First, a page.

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Housing / Community council chairman suggests looking into demolishing Janet Courtney hostel

The Janet Courtney Hostel will not be demolished in the redevelopment. Photo: Shetland News

THE CHAIRMAN of Lerwick Community Council has questioned if it would be more cost effective to try to demolish the Janet Courtney hostel at the former Anderson High School and construct a new build instead of redeveloping it.

The B-listed building is one of the few properties which will remain on the site as part of a Shetland Islands Council-led redevelopment which could see the construction of around 140 new homes.

Currently it is proposed that the Janet Courtney Hostel will be turned into 19 flats.

But speaking at a meeting of Lerwick Community Council earlier this week, chairman Jim Anderson questioned if the building should be kept and suggested a new build could be a better option.

“How much would it cost to raze it to the ground and build something that’s much more suitable for the late 2020s and going on?” he asked.

Lerwick councillor Gary Robinson understood the temptation to demolish, but he noted the fact that the building is listed, which restricts what can be done with it.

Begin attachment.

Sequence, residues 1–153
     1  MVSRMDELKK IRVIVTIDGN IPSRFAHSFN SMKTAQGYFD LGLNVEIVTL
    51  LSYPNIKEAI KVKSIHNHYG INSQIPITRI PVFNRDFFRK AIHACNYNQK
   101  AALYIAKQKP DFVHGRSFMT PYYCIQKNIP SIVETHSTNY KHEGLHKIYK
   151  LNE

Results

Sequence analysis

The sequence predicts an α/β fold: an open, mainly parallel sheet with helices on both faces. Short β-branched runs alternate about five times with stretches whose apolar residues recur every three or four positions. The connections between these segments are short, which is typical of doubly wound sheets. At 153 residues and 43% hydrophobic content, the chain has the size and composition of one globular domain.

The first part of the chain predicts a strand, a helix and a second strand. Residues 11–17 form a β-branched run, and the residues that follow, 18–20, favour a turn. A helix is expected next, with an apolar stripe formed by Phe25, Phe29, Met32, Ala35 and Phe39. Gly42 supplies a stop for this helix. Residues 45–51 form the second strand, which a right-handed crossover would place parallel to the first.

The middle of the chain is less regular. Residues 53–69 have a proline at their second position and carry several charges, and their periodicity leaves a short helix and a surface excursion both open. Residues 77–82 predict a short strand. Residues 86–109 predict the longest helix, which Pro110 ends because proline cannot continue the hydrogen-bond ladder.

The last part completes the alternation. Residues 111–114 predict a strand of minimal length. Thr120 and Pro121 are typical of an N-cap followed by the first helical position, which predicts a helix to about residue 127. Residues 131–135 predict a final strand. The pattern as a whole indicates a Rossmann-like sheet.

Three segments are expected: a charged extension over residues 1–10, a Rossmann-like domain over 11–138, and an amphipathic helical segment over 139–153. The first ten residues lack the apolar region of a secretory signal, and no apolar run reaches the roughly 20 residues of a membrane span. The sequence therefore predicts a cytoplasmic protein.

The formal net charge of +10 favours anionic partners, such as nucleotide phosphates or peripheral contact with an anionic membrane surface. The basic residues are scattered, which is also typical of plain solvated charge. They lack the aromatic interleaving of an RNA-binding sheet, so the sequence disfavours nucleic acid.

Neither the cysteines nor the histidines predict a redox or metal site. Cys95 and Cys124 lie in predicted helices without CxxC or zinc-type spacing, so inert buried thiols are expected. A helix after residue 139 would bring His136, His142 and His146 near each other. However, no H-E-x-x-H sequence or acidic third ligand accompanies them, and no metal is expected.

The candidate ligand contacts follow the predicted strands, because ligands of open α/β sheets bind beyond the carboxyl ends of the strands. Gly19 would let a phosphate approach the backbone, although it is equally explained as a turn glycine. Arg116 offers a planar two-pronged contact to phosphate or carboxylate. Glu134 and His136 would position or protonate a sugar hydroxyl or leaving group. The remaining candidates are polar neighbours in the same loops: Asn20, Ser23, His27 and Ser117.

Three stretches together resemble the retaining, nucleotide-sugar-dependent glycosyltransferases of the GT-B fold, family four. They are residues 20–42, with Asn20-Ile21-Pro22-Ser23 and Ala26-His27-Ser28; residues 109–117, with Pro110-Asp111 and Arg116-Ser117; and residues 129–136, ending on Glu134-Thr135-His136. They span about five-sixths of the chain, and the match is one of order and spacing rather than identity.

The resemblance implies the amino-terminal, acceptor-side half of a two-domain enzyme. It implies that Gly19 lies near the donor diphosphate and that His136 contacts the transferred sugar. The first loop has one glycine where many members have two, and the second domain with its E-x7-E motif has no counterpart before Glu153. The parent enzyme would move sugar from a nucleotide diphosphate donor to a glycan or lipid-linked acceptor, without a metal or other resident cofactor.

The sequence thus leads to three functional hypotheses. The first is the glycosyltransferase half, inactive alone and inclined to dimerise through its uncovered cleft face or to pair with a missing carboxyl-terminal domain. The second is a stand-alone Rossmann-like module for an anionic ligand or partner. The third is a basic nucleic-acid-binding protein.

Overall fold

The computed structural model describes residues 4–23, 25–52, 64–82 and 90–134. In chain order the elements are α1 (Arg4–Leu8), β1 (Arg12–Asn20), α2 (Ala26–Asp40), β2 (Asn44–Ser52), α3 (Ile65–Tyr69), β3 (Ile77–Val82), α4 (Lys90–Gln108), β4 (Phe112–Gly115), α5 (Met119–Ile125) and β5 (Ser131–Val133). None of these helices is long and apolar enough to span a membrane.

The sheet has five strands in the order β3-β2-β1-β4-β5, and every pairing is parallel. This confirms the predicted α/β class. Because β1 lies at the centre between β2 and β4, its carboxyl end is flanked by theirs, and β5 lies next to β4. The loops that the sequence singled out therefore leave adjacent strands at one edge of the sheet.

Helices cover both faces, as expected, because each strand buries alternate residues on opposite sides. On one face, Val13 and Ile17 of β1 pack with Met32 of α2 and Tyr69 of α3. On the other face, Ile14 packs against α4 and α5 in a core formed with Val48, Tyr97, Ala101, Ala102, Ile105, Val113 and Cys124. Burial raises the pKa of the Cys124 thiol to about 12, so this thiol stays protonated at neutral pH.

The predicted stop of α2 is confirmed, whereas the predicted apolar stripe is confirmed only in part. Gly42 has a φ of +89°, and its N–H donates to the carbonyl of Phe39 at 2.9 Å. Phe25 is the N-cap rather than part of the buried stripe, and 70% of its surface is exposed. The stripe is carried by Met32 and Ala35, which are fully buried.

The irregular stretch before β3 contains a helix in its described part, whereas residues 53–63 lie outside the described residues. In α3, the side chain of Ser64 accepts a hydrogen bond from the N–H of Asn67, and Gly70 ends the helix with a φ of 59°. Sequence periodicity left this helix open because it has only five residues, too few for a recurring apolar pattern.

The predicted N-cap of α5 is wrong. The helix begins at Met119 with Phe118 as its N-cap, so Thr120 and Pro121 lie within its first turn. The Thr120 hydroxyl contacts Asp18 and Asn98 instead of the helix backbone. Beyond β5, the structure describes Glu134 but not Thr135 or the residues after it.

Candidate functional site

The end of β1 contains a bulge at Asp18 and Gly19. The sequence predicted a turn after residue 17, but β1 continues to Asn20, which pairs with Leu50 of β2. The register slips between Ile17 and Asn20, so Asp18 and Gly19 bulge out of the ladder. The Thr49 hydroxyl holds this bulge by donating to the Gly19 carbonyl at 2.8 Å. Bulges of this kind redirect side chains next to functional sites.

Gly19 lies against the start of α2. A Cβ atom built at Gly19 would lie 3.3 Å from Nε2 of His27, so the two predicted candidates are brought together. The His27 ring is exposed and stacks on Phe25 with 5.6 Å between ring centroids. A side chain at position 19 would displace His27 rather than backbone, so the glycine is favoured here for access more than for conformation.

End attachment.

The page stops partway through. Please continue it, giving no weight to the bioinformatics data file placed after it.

The Historic Environment Scotland website says permission to demolish a listed building would not be granted unless it can be shown that there is no viable alternative.

Shetland Islands Council’s strategic investment plan for the next four to five years suggests the project to turn the Janet Courtney into residential accommodation could be put forward for government funding worth £1.8 million.

The hostel – built in 1939 – had provided accommodation for pupils studying at the Anderson High from further afield, before closing in 2017 when pupils moved to the new school near the Clickimin Leisure Complex.

UHI Shetland had previously pinpointed the building as a possible location for student accommodation.

Whilst Anderson raised the idea of demolishing it, a Knab redevelopment update report presented to councillors recently said the building was “ideally suited for conversion to flats” given its previous use.

Meanwhile a new website has been launched for the Knab project.

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